DIRECTED BY LESLYE HEADLAND
BACHELORETTE is a victim of its own marketing. Consider it the BRIDESMAIDS effect (a movie that actually is not really entirely what it was sold as, especially in the first hour). But for this black comedy (emphasize the dark elements on a comedic level) that started as this stage play by writer-director Leslye Headland before BRIDESMAIDS ever came to screen, we had something that is true to life at the heart of every wedding- and it is never about the bridegroom. BACHELORETTE is nothing what it has been marketed as and people expecting any sort of broad comic debauchery is going to be disappointed (especially those excited by the ensemble cast, particularly Kirsten Dunst’s supposed return to comedies from the void of Lars von Trier). But I would say this is a good film about three specific kinds of insecure female screw-ups in the characters played by Kirsten Dunst, Isla Fisher, and Lizzy Caplan with sharp, dark, but true dialogue about people still recovering from the scars of high school.
The film is about the marriage of the couple Becky and Dale. Becky (played by Rebel Wilson, off-screen for a consider amount of time in a part that under-utilizes her talents the way her part in BRIDESMAIDS over-emphasized her comedic chops to the point of not appearing from this planet) getting married first shocks and annoys her circle of friends from high school: overachieving Regan (Dunst), materialistic Katie (Fisher), and rebellious Gena (Caplan). Dunst is the most direct friend to Becky and becomes the maid of honor, and even if she does snipe behind her back saying nasty stuff there is enough said about their past as unexpected high school allies to suggest their friendship is genuine (Gena and Katie, however, do not even get a fraction of those kinds of moments with Becky, unfortunately).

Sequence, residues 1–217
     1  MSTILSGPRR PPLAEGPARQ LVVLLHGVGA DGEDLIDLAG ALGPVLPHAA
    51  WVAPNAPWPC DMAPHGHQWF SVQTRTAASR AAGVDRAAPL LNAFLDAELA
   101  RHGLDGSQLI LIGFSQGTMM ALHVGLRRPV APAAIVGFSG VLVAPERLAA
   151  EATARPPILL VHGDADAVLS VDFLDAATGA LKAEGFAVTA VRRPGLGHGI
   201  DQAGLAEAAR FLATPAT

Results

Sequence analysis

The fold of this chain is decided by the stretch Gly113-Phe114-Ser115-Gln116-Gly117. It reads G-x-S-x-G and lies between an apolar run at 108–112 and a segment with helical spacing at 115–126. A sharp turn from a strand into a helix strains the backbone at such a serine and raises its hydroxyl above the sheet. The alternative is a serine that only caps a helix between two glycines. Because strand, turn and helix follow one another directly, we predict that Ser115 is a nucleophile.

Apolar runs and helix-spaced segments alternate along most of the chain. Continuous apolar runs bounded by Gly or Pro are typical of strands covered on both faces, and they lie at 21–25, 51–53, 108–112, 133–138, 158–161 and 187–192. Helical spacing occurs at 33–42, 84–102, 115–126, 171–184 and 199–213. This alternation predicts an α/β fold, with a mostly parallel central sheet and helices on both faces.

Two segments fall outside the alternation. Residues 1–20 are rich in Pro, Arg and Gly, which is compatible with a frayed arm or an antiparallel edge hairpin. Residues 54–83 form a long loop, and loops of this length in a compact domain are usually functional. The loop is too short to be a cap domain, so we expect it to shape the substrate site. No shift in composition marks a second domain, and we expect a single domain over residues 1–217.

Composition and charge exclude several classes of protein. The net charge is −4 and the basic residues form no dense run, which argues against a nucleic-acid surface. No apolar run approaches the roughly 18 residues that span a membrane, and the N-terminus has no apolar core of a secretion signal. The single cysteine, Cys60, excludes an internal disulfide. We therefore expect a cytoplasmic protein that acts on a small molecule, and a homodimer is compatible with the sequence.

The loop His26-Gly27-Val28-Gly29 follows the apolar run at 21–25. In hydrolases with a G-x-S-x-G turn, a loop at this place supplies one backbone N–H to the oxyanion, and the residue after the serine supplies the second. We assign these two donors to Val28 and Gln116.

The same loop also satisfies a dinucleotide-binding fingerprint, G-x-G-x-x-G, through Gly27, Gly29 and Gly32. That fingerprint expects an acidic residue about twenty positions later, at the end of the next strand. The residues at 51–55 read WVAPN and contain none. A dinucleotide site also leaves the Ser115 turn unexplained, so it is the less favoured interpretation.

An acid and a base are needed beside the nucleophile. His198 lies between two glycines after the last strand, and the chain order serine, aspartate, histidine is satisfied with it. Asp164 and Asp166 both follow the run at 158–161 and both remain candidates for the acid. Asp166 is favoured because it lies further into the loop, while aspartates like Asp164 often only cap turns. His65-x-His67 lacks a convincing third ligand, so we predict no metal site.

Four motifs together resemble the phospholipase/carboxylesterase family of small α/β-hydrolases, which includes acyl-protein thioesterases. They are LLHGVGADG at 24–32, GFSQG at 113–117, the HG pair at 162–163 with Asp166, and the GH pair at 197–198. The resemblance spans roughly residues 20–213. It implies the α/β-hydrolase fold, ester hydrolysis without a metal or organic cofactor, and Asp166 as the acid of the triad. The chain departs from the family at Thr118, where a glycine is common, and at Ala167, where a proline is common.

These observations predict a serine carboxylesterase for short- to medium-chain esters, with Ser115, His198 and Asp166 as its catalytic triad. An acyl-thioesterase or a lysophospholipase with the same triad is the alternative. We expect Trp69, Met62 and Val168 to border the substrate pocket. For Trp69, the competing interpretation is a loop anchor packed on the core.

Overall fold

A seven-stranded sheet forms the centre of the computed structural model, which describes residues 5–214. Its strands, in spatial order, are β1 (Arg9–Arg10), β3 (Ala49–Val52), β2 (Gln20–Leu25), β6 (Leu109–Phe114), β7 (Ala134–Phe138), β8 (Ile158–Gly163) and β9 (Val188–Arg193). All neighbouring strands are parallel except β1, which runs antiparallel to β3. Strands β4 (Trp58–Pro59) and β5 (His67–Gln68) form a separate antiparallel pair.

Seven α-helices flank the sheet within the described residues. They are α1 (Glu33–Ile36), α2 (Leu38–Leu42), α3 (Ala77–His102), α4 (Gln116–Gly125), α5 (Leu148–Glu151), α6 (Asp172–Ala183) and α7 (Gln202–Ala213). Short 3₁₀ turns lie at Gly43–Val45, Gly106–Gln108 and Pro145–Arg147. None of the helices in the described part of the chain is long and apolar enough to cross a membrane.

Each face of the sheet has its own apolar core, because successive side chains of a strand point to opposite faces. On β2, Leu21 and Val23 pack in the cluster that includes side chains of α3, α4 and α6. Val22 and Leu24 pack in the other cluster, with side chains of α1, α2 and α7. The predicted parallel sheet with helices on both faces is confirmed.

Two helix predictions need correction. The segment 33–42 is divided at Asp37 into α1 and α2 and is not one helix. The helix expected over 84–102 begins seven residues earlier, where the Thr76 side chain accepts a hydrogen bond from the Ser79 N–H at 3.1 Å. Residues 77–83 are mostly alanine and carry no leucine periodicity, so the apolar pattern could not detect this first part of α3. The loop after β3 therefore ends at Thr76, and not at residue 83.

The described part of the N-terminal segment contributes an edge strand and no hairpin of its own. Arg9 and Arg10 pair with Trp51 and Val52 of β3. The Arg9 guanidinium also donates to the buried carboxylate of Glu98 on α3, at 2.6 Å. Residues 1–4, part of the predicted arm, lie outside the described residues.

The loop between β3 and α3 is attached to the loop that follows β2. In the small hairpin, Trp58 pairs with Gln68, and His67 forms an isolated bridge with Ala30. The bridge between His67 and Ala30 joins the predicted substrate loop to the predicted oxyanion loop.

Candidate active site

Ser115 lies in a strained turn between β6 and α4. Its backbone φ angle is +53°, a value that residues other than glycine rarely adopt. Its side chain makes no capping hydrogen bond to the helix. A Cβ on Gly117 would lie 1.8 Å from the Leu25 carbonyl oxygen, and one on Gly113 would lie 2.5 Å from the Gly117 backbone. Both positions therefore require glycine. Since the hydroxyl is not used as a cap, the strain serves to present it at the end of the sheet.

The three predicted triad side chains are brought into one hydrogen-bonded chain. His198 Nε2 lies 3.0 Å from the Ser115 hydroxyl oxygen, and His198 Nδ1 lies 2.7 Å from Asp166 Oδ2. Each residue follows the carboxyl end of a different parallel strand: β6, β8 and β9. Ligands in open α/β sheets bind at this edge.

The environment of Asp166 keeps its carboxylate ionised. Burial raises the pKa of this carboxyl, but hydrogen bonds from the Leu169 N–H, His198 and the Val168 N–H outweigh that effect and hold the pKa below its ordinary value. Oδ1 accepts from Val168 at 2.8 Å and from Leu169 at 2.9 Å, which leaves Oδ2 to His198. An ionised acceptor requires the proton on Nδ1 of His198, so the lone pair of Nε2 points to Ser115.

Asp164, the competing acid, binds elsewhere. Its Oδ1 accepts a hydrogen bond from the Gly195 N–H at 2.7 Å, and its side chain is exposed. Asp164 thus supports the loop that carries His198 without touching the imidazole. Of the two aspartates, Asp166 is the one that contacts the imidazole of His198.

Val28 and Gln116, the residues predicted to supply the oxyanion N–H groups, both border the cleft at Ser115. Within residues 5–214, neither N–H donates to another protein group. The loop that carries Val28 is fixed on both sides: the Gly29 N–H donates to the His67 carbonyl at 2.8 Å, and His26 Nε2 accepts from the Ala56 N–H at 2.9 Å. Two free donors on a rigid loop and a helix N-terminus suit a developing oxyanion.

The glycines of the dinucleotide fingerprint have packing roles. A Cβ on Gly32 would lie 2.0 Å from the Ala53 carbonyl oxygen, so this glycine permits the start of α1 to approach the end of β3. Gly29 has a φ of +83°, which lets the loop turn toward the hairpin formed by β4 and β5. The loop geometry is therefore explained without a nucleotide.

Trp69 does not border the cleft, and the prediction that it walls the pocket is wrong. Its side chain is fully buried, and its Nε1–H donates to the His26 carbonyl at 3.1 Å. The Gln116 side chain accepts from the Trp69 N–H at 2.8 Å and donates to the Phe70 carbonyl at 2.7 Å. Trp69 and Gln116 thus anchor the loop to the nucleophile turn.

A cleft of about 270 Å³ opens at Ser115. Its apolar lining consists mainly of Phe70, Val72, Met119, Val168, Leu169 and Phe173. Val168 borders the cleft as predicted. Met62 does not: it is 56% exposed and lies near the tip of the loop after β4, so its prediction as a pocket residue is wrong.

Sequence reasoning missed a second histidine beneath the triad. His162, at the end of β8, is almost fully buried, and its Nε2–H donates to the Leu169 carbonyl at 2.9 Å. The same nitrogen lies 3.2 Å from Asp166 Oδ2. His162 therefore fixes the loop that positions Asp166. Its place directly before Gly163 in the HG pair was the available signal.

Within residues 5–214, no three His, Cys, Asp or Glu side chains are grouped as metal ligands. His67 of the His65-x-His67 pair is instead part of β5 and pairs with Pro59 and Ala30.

For a film that is written and directed by a woman, the guys surprisingly are not anywhere close to being as mean as the girls. You first hear how Dale seems out of Becky’s league from the girls but this absolutely never comes up when the guys try to throw Dale a bachelor party (and Dale himself is seen as the nicest potential husband). Gena’s ex-boyfriend Clyde (Adam Scott, hello Party Down reunion!) is first introduced as a douchebag who is robbing the cradle (and there is something deeper to that in a plot revelation) but the chemistry between him and Caplan is electric but also shows layers of hurt, betrayal, and a lot of unfinished business of two damaged people who both have good hearts. The only person remotely close to caricature is James Marsden as the Tucker Max stand-in womanizer Trevor who still uses his high school type-A personality bag of tricks against the guys he is surrounded with in the groom party and being a very bad influence.
The movie works as hybrid of the high school reunion and wedding setting. The latter with the Macguffin of a torn wedding dress facilitates the three friends to go through the motions of their own insecurities and debauchery in trying to find a way to fix it with a less than 12 hour clock against them for when the wedding begins. How the film is resolved, with all three of the girls more or less changed or seeing how screwed up they were, with Becky also realizing what helped her survive high school still applies to her adult life, is pretty satisfying. It is not a neat bow or convenient but for a film less than 80 minutes long actually showed more natural change in character than a lot of films of the same vein (including BRIDESMAIDS). The film still suffers from its stage play roots, characters are off screen or are together in a way that still feels ACT 1 and ACT 2. Still the sharp dialogue, such as Caplan and Fisher discussing the difference between a Brain Krakow versus Jordan Catalano kind of lover and the performances with Dunst (toeing the line between her 90s teen comedy past and her dark dramatic roles of the Aughts) and Caplan (adding a dimension to many of the character ‘types’ she has taken on since MEAN GIRLS) are the highlights.
It cannot be overstated enough that this film is not really a comedy and its marketing has really let the film down. It is a pretty dark film (and the comic moments feel like necessary breaks) and true to life case of the insularity people get in the large group settings be it reunions or weddings where the purpose of being there is on the back-burner and people are just unraveling. I sort of identified and knew the types of screw-ups played by Dunst (who I have been a long-time fan of), Caplan (likewise), and Fisher (I have found her sort of innocuous but she is good here). This does not really seek or portend to be another BRIDESMAIDS film but it is a well-written, if minor film that does show the dimensions of very talented comedic actresses. Think of this is if Neil LaBute and Lena Dunham collaborated on a re-write originally given to Diablo Cody to make a wedding movie for mainstream consumption.